Second case of African swine fever found in pig in HK, sparking cull of 4,700 animals and closure of slaughterhouse

03-Jun-2019 Intellasia | South China Morning Post | 6:00 AM Print This Post

A government-owned slaughterhouse will be closed for the second time in a month from Friday night following the latest case of African swine fever, with 4,700 animals to be culled.

Health authorities detected the virus in a dead pig at Sheung Shui Slaughterhouse, health chief Sophia Chan Siu-chee said.

The pig had been imported from a farm in Meizhou city, Guangdong province.

The facility, which provides 80 per cent of the local pork supply, will be closed for the second time in a month. It was shut from May 11 to 18 in the first case.

 (South China Morning Post)

(South China Morning Post)

Chan, the secretary for food and health, said the government had asked the smaller, private Tsuen Wan Slaughterhouse to remain open to ensure the supply of fresh pork, although the amount would be limited.

She did not say whether the operator had agreed to the request.

“When there is no reasonable explanation, it cannot stop slaughtering pigs. I think there is also a law,” she said.

The disease is not harmful to humans, but deadly to pigs. A huge outbreak of African swine fever in mainland China has resulted in more than a million pigs either dying from the disease or being culled since last August.

Chan said the pig was found dead on Friday at Sheung Shui Slaughterhouse with suspected symptoms of the disease. A tissue sample later tested positive for African swine fever.

The abattoir would be closed from Friday night for disinfection, which she said she hoped could be finished in four days.

“After the [first infection] we strengthened the inspections at the border. Vets were placed at Man Kam To [border checkpoint] to check every truckload of pigs. And upon their arrival at the slaughterhouse, vets were also there to check,” she said.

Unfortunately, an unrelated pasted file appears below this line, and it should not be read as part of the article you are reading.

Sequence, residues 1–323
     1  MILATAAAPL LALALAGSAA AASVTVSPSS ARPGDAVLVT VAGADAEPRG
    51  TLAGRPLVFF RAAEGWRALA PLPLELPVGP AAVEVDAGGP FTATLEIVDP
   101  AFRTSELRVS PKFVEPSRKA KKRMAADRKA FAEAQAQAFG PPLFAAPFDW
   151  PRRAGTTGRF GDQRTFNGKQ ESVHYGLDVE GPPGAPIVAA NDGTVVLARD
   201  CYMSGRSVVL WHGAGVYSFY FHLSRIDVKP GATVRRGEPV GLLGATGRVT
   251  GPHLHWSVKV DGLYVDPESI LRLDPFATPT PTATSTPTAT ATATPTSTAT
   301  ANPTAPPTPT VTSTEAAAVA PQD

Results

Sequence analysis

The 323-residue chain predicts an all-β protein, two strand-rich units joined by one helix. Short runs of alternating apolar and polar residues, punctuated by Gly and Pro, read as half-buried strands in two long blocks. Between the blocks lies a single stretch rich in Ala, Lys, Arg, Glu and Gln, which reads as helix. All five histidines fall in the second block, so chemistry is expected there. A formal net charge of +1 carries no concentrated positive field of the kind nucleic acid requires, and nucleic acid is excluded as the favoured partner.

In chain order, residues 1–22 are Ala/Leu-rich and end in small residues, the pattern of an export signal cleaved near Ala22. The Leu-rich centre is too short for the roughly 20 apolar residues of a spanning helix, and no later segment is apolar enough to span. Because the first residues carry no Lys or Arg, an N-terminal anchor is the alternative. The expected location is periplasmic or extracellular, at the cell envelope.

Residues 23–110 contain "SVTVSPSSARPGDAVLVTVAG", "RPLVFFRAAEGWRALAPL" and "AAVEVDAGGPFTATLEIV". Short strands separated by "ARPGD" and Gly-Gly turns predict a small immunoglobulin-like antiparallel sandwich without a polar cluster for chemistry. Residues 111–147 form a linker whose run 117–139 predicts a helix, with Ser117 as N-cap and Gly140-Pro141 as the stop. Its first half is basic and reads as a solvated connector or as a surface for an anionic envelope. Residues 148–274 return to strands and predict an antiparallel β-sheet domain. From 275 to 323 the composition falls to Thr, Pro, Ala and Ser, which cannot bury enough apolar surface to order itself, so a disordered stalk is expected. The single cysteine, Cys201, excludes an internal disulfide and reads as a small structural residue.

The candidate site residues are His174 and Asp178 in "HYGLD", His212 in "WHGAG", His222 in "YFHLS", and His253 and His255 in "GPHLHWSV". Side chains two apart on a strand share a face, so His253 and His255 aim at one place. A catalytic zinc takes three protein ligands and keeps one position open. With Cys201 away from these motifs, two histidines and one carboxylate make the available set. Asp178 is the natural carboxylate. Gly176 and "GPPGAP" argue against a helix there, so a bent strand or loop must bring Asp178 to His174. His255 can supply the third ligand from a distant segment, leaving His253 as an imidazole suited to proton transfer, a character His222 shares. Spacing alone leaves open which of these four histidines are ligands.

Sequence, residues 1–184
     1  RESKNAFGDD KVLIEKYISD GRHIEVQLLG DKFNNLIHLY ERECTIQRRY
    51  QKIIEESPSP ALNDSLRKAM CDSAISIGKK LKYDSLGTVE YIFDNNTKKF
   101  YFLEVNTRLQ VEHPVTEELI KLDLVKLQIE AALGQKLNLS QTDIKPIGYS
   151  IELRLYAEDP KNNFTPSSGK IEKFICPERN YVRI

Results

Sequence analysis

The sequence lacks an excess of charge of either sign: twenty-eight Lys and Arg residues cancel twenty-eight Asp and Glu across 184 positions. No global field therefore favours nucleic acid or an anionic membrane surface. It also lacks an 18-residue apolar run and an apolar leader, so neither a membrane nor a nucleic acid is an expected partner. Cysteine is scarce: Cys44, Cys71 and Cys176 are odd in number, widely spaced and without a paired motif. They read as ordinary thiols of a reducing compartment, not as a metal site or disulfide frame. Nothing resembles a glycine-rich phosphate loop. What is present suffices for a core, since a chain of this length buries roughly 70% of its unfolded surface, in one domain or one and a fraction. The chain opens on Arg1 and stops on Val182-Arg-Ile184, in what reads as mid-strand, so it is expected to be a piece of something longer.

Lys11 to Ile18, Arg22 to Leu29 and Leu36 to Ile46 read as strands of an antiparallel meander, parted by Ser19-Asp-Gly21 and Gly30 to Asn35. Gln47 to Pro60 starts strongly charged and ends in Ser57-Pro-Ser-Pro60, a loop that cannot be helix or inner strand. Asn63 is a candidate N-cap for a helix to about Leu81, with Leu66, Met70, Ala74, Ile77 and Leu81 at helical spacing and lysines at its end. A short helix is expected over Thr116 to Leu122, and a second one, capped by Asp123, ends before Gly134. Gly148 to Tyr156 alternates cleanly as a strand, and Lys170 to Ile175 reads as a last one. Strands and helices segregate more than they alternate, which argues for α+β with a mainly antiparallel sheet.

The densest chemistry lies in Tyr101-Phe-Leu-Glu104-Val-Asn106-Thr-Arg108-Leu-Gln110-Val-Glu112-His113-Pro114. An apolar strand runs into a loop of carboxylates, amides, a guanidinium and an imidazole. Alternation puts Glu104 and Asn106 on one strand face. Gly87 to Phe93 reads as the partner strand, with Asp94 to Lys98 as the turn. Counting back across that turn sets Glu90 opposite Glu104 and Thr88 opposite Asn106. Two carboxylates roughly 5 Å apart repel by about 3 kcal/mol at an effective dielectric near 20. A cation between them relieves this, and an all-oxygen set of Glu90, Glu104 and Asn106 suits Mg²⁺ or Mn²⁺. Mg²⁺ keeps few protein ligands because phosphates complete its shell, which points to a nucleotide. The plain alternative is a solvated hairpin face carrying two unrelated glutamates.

Chan said 4,700 pigs would be culled. She appealed to the industry which protested over the previous cull to cooperate, saying the move was in line with international practice.

Hui Wai-kin of the Pork Traders general Association said the latest closure would definitely affect traders’ livelihoods, but he refused to estimate how much the price of fresh pork would rise due to the limited supply from Tsuen Wan Slaughterhouse.

Lawmaker Steven Ho Chun-yin, who represents the agriculture and fisheries sector, said it was important for the government to set out the role of Tsuen Wan Slaughterhouse in such an emergency situation, because it was hard for traders to sustain business. “We have to sell a pig at HK$8,000 [US$1,025] to sustain business and maintain cost, because we have to pay our staff, regardless of whether we close the slaughterhouse or not,” Ho said, adding that he would request a meeting with Chan on Monday or Tuesday.

He urged the government to slaughter all pigs by the end of each day to ensure the disease did not spread in the event of one animal being infected.

The city’s first case was confirmed three weeks ago, prompting the government to order the cull of 6,500 pigs at Sheung Shui Slaughterhouse to prevent the spread of the virus. It was the biggest pig cull in more than 50 years, according to industry veterans.

In that case, a pig imported from Zhanjiang in Guangdong was infected, and the batch it was in had already been put on the market. The incident posed no health risk to humans, as thoroughly cooked pork is safe for consumption.

But pork traders lashed out at the government for ordering the first cull, asking officials to spare the animals unless they had tested positive for the virus. Traders stood guard overnight to prevent officials from entering the city’s main slaughterhouse to cull the pigs, which were believed to be safe for consumption.

The slaughterhouse blockade was later called off as health officials and pork traders reached a compensation agreement on future swine fever outbreak arrangements.

The Tsuen Wan facility also closed its doors.

Hong Kong imports about 4,000 pigs per day from the mainland. The previous case prompted mainland suppliers to suspend the export of all live pigs into the city for eight days.

African swine fever can be traced to Kenya, where it was first detected in domestic swine in 1921. According to a leading expert on the disease, Professor Dirk Pfeiffer of City University, it can be transmitted by warthogs and specific soft tick species, which in turn spread it to domestic pigs.



Category: Hong Kong

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